Museum of Modern Art |May 8–August 1, 2011
By Jonathan Beer
During the off season of the Chelsea galleries in New York, Art lovers from all parts flock to the lineup of summer exhibitions at the big museums. The program for this summer is nothing to scoff at – the Met boasts a Richard Serra Drawing Retrospective and Alexander McQueen exhibition that have museum-goers queuing up, while MoMA shows off Graphic Impulse, an impressive show of German Expressionism that has been a big hit. The hype from Graphic Impulse may pull attention away from another gem currently on view at MoMA; an exhibition entitled Francis Alÿs: A Story of Deception.
The title of the show couldn’t be more appropriate. Alÿs’s work is indeed deceptive, presenting itself with the aura of being serious and relevant in a deadpan fashion but leaving you with a measure of skepticism about its sincerity. It is a puzzling yet provocative experience of artistic semantics that is not unlike an essay by the Post-modernist philosopher Jean Baudrillard.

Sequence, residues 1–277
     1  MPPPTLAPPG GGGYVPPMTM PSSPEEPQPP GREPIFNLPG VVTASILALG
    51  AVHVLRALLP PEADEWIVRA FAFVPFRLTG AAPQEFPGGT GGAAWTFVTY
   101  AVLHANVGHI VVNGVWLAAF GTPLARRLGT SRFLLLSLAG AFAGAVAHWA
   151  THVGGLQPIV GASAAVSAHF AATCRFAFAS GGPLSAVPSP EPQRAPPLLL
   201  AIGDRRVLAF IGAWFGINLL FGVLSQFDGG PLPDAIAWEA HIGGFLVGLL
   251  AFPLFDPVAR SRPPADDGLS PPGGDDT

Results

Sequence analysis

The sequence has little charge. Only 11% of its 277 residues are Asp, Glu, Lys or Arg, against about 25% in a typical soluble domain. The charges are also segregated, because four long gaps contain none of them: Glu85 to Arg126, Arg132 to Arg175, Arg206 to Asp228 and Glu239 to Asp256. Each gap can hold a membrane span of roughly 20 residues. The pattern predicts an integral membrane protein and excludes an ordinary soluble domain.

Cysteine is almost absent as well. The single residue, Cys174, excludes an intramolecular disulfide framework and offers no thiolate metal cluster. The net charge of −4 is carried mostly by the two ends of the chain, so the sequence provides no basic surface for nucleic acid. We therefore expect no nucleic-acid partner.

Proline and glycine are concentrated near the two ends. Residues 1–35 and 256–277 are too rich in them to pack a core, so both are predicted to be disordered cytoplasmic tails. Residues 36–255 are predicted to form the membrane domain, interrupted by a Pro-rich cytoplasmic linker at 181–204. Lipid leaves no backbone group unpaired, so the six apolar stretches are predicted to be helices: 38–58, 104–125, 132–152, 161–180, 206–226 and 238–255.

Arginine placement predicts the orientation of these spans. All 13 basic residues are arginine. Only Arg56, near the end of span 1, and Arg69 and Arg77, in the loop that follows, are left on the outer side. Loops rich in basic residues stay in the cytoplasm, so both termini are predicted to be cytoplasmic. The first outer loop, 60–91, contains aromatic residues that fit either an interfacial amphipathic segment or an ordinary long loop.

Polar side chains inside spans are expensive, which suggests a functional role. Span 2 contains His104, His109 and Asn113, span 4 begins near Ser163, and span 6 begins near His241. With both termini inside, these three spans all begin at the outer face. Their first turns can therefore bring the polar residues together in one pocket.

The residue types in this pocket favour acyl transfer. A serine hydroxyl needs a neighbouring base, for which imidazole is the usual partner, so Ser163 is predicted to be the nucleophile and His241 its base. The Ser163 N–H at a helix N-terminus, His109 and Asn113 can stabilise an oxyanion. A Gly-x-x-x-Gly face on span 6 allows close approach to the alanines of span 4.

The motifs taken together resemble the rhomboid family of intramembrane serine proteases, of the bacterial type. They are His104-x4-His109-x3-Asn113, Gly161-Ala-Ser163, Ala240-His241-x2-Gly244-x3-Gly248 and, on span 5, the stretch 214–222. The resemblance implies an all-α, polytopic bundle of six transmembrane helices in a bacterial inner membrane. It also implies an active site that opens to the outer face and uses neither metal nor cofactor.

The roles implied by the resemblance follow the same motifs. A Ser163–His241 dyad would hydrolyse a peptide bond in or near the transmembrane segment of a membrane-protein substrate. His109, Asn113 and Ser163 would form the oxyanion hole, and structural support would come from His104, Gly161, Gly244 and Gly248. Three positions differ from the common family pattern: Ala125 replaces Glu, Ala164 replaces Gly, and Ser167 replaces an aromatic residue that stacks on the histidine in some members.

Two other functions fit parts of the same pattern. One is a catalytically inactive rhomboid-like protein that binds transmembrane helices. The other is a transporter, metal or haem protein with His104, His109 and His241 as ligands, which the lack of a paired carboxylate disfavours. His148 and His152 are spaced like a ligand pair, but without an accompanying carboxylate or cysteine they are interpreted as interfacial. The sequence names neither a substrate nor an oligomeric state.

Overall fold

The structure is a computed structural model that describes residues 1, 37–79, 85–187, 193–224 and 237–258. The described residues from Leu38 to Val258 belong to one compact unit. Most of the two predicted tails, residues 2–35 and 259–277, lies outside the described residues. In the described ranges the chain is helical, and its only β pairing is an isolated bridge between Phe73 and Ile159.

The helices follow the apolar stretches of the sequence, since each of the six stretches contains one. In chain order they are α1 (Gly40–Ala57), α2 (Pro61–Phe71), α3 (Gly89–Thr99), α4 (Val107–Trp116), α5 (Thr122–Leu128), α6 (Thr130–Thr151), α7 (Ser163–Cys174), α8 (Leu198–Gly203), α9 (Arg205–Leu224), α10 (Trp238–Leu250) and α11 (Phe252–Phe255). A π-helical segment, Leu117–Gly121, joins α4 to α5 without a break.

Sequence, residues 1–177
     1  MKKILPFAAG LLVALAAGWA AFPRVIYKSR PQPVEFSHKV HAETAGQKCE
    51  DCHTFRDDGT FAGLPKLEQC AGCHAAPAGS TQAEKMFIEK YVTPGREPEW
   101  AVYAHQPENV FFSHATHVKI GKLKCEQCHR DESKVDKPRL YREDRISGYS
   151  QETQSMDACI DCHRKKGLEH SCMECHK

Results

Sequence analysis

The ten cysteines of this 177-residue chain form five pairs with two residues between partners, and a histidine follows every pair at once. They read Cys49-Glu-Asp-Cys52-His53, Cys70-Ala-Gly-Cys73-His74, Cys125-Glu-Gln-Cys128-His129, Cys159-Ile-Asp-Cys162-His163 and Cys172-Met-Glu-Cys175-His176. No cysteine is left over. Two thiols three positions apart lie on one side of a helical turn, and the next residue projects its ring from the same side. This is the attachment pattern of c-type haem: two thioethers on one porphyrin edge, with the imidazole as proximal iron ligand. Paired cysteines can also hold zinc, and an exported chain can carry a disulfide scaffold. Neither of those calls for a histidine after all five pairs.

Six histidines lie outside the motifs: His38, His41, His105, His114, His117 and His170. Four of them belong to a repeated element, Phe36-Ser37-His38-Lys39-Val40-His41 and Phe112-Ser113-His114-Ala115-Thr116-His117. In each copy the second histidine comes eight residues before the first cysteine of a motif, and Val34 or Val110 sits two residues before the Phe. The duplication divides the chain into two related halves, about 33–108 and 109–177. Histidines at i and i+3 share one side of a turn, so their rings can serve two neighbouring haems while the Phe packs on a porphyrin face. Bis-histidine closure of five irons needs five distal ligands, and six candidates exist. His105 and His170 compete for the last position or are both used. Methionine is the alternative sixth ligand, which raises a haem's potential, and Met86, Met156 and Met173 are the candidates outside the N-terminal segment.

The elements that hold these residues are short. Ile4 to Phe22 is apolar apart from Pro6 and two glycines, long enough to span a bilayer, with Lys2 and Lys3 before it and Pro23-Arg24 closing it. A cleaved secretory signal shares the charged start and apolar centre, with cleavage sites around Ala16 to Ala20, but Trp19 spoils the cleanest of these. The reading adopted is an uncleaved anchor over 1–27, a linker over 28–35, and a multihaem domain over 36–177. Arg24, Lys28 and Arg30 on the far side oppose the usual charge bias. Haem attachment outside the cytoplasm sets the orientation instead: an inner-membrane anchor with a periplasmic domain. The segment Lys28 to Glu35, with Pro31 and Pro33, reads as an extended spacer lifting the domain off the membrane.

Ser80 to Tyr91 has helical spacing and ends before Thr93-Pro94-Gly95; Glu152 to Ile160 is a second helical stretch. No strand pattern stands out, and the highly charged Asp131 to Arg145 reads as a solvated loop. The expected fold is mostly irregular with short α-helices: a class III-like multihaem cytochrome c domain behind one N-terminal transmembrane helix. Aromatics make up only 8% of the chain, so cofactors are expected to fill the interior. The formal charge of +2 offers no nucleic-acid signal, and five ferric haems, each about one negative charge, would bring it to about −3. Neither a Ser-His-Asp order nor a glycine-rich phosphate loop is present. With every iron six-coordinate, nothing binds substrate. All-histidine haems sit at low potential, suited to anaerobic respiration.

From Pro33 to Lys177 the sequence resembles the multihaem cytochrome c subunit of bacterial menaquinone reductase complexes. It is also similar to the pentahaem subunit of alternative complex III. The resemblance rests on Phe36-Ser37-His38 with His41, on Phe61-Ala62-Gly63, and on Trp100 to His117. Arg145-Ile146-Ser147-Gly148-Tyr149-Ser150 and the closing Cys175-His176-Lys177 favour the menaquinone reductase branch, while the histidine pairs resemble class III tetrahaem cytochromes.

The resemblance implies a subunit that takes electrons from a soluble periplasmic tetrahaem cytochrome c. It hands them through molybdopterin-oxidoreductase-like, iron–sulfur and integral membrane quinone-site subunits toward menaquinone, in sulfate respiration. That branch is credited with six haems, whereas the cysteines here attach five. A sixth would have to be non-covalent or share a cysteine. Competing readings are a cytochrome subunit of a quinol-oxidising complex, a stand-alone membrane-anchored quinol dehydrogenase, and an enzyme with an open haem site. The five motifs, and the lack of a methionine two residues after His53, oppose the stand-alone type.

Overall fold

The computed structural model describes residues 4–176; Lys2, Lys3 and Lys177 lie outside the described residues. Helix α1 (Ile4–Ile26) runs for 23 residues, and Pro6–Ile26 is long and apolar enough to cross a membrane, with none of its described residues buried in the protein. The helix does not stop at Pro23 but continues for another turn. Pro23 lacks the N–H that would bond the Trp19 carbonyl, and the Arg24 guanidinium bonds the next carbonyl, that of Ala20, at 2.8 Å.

Hailing from Belgium originally, Alÿs came to Mexico City in the 80’s as an architect seeking work after 1985 earthquake. His choice to reside in Mexico clearly left an impression on him as a young artist, exposure to ideas of crisis, provocation, satire, and social constructs formed the foundation of his conceptual practice. Known for working in a variety of formats, this survey features a mixture of drawings, small paintings, short films and projection installations done mostly after 1990. Walking into the exhibition the viewer is overloaded with work – there is no easing into Francis Alÿs.